1. Take time to get comfortable. Give yourself at least 10-15 minutes for a short version of the practice. Lie down in a quiet, calm environment. Cover yourself with a light blanket; you can also cover your eyes with a towel, if helpful. Try to remain still and present. Close your eyes and relax–get ready to follow the sound of the voice guiding your practice.
  2. Set your sankalpa. Visualize a deep resolve or positive intention for your Yoga Nidra. You can say it out loud or to yourself a few times. Feel the sankalpa spread throughout your body, suffusing your awareness. Then release the intention and let it go. The seeds of the intention will remain even after you drop your conscious focus. You can learn more about the power of sankalpa in Cheryl Lyn’s informative article, Magical Map to Manifesting with Yoga Nidra.
  3. Open your senses. Welcome any smells, tastes, sounds or sensations in your current environment. Notice feelings, thoughts and images as they arise and fade away–let your body and mind just “be.” With eyes closed, allow your internal vision to take shape. Rest easy, but stay curious and open to the practice. Focus your attention on each particular instruction as prompted by the audio guide.
  4. Become aware of your breathing. Breathe in and out through your nose with simple, welcoming breaths. Notice the flow–invite your breath in and then out. Remember to take slow, relaxing breaths, not ujjayi breaths. Release a bit of tension with each successive outbreath. Vijai Sharma, Ph.D., says to use the imagination in order to increase the exhalation. He encourages us to imagine inhaling through the crown of the head straight to the heart, and then exhaling from the heart all the way down to the toes and soles of the feet. Imagine taking a whole body inhale, and then a whole body exhale. Repeat a few times.
  5. Practice countdown breaths. Next, breathe in while mentally saying the number ’40.’ Breathe out and mentally say the number ’39.’ The next inhale is ’38,’and the next exhale is ’37.’ Keep counting backward all the way down to ‘1.’ There’s no need to rush. Don’t get frustrated if you miss a number. Be friendly to yourself if you fall asleep or forget to count–begin counting again when you get the next cue from the instructor. Feel yourself relaxing more deeply with each outbreath as you count backward from 40 to 1.
  6. Progressively relax your muscles. Relax every muscle in your body by squeezing and releasing–focus on each unique muscle or muscle group as you go. For example, your instructor might ask you to tighten your hands as much as you can–tighter, tighter–and then release. Each Yoga Nidra uses different sequences or progressions to take you through the body; just go with it. Don’t overthink or force yourself to concentrate; simply follow the guiding voice from location to location within your body. You can subtly encourage each muscle to “breathe a little with you,” in and out, as you tighten and release.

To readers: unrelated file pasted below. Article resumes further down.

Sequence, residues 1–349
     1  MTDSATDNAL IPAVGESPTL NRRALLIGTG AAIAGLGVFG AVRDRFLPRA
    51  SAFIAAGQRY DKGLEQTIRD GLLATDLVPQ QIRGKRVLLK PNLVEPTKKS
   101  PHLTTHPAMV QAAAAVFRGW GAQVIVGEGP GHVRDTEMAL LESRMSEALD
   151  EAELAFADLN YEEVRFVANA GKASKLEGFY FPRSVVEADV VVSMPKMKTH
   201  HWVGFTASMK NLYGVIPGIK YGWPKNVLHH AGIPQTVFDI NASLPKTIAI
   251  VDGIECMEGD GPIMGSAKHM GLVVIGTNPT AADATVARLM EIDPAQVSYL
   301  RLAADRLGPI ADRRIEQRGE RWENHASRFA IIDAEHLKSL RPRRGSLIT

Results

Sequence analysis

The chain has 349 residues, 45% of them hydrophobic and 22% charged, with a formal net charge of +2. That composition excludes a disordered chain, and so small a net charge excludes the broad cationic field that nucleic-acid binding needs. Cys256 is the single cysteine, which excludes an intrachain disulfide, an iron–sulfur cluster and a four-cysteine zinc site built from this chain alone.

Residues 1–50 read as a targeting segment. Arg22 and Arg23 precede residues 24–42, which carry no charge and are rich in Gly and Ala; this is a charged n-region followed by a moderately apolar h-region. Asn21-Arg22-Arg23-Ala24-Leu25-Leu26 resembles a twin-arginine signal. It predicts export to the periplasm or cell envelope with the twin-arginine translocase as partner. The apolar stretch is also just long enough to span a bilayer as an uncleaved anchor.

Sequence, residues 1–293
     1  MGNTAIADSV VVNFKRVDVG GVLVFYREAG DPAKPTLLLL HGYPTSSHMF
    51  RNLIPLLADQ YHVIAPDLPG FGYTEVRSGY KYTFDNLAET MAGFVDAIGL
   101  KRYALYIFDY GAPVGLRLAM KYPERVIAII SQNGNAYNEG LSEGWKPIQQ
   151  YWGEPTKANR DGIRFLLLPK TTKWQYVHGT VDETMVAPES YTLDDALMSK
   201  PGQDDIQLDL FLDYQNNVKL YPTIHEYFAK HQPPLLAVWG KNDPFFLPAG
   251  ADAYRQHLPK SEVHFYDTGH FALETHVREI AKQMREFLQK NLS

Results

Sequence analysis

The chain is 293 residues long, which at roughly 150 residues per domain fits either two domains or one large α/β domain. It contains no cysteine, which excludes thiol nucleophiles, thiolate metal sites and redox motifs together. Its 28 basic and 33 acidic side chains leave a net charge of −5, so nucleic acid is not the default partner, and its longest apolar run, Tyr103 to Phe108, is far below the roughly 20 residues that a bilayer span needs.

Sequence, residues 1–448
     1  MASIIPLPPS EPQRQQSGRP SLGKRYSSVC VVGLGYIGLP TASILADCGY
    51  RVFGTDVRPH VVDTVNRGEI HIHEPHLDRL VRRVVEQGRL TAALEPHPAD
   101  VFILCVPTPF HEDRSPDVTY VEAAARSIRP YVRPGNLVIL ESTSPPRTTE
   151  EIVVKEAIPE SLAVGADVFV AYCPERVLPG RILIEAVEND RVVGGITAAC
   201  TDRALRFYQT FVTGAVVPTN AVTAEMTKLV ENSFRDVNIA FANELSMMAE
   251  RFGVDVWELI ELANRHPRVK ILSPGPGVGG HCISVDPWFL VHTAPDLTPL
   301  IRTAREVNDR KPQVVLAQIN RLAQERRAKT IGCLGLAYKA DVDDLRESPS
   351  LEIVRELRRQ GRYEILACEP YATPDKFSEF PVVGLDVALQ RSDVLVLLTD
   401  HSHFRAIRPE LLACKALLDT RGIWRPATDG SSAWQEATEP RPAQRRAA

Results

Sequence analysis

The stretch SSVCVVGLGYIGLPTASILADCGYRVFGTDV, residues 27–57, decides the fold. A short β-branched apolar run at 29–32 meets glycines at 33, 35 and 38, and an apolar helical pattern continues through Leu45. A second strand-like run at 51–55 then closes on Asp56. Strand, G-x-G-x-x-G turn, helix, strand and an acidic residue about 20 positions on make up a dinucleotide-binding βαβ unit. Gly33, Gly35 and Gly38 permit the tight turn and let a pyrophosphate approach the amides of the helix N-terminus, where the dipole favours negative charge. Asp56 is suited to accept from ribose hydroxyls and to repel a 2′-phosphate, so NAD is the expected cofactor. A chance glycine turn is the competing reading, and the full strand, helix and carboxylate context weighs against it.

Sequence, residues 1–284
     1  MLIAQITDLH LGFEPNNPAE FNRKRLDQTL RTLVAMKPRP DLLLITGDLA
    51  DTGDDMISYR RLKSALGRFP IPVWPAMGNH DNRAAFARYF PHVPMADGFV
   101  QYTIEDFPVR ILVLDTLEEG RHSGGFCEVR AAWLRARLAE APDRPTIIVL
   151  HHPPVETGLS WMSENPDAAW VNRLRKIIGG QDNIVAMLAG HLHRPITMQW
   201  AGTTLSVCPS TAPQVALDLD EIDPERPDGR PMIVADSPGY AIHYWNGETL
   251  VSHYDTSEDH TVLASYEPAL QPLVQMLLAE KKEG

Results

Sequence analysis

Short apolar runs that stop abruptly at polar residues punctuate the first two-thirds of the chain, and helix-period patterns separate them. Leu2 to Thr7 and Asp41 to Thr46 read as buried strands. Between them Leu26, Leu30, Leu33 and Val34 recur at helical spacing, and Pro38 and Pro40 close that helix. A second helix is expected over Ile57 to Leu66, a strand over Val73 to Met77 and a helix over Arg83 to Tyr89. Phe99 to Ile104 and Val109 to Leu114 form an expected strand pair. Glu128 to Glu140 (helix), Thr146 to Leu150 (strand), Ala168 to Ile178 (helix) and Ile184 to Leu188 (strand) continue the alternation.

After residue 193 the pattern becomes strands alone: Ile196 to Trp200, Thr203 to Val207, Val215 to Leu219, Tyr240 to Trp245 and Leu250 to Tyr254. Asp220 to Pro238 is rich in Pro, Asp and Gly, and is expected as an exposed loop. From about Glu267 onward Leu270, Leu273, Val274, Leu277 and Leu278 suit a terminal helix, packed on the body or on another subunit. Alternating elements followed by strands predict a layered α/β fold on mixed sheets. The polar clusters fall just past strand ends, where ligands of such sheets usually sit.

7. Become aware of your whole body. Now let go of the tightening sequence and take a full body tour. First, become aware of your whole body all at once. How do you feel? Let yourself be light and weightless, or heavy and dense–just experience whatever arises. Your guide may ask you to move your awareness to different parts of your relaxed body–organs, muscles, joints, skin and more–maybe into places you never even knew existed! Welcome any sensations you find there. Keep still as you continue to focus attention on each body part.
  8. Bring in the light! As you move through the sequence, the instructor may prompt you to imagine your awareness as a golden light touching each part of your body. Caress your eyes, your fingers, the space between your organs, your navel–suffuse your entire body, heart and mind with soothing light. Next, radiate that light outward–first to friends and family, then to everyone you know. Finally, radiate light everywhere, to all beings, and imagine light being sent back to you just as you are sending light out to them. Continue giving and receiving; let your sense of self and others start to dissolve. Bask in the radiant, shared sensation.
  9. Take some final breaths. Now come back to your breath. Don’t think too much about it–just experience the movement, in and out. Let your breath hold you, nurture you. You might be asked to revisit your sankalpa (intention).You can do so on an inbreath, and let it go again on an outbreath. Then return to the gentle rhythm of your natural respiration.
  10. Close the practice. Wiggle your fingers and toes. Start to move your body around. Notice: Do you feel energized and awake? Relaxed and peaceful? Tender and loving? Gently roll onto your side and sit up. Open your eyes and come back to waking life. Has your awareness changed? Feel any warmth, joy or soothing feelings you’ve generated in your body, mind, spirit…and beyond.

Sound intriguing? Yoga Nidra can be used as a tool for deep relaxation, but it’s also a fulfilling spiritual practice. Try this Yoga Nidra guided meditation and enjoy a dose of yogic “deep rest”–try it today.

And don’t just read about it: Get comfortable, open your ears, and give a listen. Remember how good you felt after your instructor incorporated just a few elements of Yoga Nidra into that final savasana? You can come home to yourself every day with that same deep relaxation–all you have to do is practice Yoga Nidra meditation.